Jung's Active Imagination


 

The following atrticle is excerpted from Jung the Mystic, now available from Tarcher/Penguin.

There was a method to Jung's madness: active imagination. It, along with the transcendent function, are the two most important discoveries Jung made in the years leading up to World War One. I would even argue that they were the most important discoveries of Jung's career, and that everything that came later had its roots in these two fundamental insights. This being so, they warrant a bit of attention.

Strangely, Jung seems to have done everything he could to hide these discoveries from all but his closest colleagues. The paper which discusses both in any detail, "The Transcendent Function," was written in 1916, while Jung was in the middle of his "deep reaching interior metamorphosis." (He was serving a stint of military duty, stationed near the Gotthard Pass at the time.) Yet it wasn't published until 1957, and only then when Jung was asked to contribute to a student publication, not something many of his readers would see. For forty years it remained in Jung's files, off-limits to the general public. Jung discussed the ideas in seminars and lectures, but usually only with his closest students, rather like an initiate sharing the most profound mysteries with only his most devoted pupils. Although subsequent Jungian analysts have recognized their importance, neither idea plays a prominent role in any of Jung's major works. For example, in Mysterium Coniunctionis , Jung's alchemical magnum opus, active imagination isn't mentioned at all, and the transcendent function is mentioned only twice. As is often the case with Jung's ideas, we need to go to his followers for anything like a clear definition.[1]

Some suggest Jung kept quiet about active imagination because he considered it possibly dangerous. In a note he cautioned that through it "subliminal contents […] may overpower the conscious mind and take possession of the personality."[2] That Jung came upon it precisely when his own subliminal contents were mutinying against his ego makes this a reasonable concern. Yet there may have been other reasons. Weak egos might fragment practicing active imagination, but what would his peers think of a psychologist who talked to people in his head? As with his public and private opinions about spirits and the occult, Jung seems to have kept quiet about things that could threaten his persona as a scientist.

What, then, is active imagination? In practice it's exactly what Jung did in his visions and conversations with inner figures like Philemon, Ka and Salome mentioned above: entering a fantasy and talking with one's ‘self' — at least a part of oneself ‘normally' left unconscious — asking questions and receiving knowledge that one — ‘you' — did not know. In many ways, its something we engage in often already, but in a shallow, fleeting way, when we ‘ask ourselves' what we think or will do about a situation.

More abstractly,  it's a method of consciously entering into a dialogue with the unconscious, which triggers the transcendent function, a vital shift in consciousness, brought about through the union of the conscious and unconscious minds. Unexpected insights and self-renewal are some of the results of the transcendent function. It achieves what I call that elusive ‘Goldilocks' condition, the ‘just right' of having the conscious and unconscious minds work together, rather than being at odds. In the process it produces a third state more vivid and ‘real' than either; in it we recognize what consciousness should be like and see our ‘normal' state as at best a muddling-through. Previously, the transcendent function had helped Jung when faced with the dilemma of having to choose between science or the humanities. Then it operated through a dream, producing the mandala-like symbol of the giant radiolarian. In the simplest sense, the transcendent function is our in-built means of growth, psychological and spiritual — it's ‘transcendent' only in the sense that it ‘transcends' the frequent deadlock between the conscious and unconscious minds — and is a development of what Jung earlier recognized as the "prospective tendencies in man."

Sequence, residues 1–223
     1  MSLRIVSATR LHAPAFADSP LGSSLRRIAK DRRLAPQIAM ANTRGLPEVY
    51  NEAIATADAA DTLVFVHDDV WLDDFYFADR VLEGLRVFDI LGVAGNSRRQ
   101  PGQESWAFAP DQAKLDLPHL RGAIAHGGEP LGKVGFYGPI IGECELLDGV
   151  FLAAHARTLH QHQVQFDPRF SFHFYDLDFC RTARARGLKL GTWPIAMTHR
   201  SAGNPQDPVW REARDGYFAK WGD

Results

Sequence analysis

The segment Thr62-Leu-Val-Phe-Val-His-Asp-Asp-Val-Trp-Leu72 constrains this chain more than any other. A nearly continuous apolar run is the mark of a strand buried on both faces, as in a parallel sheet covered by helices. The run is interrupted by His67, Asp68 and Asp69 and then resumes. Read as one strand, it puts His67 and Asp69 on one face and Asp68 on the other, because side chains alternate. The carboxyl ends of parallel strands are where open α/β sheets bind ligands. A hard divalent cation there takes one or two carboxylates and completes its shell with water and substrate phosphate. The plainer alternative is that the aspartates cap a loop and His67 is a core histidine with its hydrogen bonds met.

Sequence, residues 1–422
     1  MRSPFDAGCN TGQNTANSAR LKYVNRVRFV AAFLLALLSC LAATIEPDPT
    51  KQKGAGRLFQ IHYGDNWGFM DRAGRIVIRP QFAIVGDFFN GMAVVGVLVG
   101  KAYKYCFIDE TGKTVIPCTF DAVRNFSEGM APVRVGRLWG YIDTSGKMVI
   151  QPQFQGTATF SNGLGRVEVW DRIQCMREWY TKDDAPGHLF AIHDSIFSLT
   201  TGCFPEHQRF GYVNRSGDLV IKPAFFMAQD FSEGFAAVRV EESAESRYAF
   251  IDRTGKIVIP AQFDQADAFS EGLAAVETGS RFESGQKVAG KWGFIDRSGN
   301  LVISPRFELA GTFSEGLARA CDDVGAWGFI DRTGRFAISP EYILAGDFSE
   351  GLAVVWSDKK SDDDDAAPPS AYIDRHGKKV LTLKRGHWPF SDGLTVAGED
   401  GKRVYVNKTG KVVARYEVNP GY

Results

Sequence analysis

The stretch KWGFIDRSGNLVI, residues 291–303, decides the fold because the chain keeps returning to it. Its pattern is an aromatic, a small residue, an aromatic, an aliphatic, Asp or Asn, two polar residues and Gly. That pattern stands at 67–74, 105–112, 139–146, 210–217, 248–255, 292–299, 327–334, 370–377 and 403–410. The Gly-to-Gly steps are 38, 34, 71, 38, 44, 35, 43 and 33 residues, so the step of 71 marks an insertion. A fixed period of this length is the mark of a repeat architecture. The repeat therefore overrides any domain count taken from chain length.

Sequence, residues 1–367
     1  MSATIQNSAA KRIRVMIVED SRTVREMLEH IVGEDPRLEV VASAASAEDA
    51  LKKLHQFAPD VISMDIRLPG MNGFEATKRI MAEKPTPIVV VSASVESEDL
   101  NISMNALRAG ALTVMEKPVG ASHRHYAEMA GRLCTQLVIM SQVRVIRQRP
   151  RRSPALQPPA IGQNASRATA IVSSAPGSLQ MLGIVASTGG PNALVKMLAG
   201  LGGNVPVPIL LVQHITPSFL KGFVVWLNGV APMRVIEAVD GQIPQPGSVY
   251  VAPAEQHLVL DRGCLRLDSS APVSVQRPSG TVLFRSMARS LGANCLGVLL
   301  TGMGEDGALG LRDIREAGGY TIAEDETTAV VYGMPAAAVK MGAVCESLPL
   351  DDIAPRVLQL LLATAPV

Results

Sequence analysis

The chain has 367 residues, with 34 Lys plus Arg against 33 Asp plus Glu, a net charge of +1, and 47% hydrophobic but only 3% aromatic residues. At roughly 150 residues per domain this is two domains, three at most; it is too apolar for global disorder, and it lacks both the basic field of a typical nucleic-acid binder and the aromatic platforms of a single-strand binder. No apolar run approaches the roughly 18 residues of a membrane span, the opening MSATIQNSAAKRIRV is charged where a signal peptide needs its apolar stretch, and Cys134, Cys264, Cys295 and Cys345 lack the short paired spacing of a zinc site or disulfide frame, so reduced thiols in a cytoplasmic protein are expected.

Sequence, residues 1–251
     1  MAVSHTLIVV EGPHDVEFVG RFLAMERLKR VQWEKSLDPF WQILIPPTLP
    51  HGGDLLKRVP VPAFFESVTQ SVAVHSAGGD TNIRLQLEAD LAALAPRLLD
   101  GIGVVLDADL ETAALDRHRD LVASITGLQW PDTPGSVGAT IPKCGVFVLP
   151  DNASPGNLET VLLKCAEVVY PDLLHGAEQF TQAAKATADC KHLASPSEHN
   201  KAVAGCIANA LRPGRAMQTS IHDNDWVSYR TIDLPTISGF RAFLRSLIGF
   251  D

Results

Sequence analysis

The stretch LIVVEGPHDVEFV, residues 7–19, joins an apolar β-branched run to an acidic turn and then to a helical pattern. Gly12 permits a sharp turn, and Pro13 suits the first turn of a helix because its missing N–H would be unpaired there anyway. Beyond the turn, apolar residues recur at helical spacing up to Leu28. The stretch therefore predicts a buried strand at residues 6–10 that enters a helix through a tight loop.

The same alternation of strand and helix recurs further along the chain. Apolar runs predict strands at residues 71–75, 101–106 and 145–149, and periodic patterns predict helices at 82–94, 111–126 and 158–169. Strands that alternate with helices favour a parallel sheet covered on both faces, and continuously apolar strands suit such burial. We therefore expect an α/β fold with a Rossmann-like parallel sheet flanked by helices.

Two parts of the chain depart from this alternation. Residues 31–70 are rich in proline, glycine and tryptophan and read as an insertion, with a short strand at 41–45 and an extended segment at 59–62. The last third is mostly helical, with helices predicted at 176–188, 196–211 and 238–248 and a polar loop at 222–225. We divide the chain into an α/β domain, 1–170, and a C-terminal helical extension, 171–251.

As the name implies, active imagination is a means of stimulating this, rather than waiting passively for the unconscious to do it on its own. It's a way of consciously ‘having it out with it' with the unconscious- the German is Auseinandersetzung — that is, not passively accepting it, as we normally do in a dream or reverie, but confronting it, engaging with it, asking it what it wants. It isn't easy. As Marie-Louise von Franz, one of Jung's best interpreters and an acute psychological thinker in her own right, remarks, "if done rightly one is exhausted after ten minutes for it is a real effort and not a ‘letting go'."[3]

Although Jung describes several means of ‘doing' active imagination — painting, sculpting, even dance — the basic method is to allow a fantasy to appear, as Jung did. But rather than drift into "free association" — which only allows complexes to take over – one grabs hold of an element in the fantasy and sticks to it. With practice one can follow the material as it develops, and can actually speak with it, as Jung did, which means, of course, that it can speak to you. As Jung explained to a correspondent: "The point is that you start with any image … Contemplate it and carefully observe how the picture begins to unfold or to change. Don't try to make it into something, just do nothing but observe what its spontaneous changes are. Any mental picture you contemplate in this way will sooner or later change through a spontaneous association that causes a slight alteration of the picture. You must carefully avoid impatient jumping from one subject to another. Hold fast to the one image you have chosen and wait until it changes by itself. Note all these changes and eventually step into the picture yourself, and if it is a speaking figure at all then say what you have to say to that figure and listen to what he or she has to say."[4]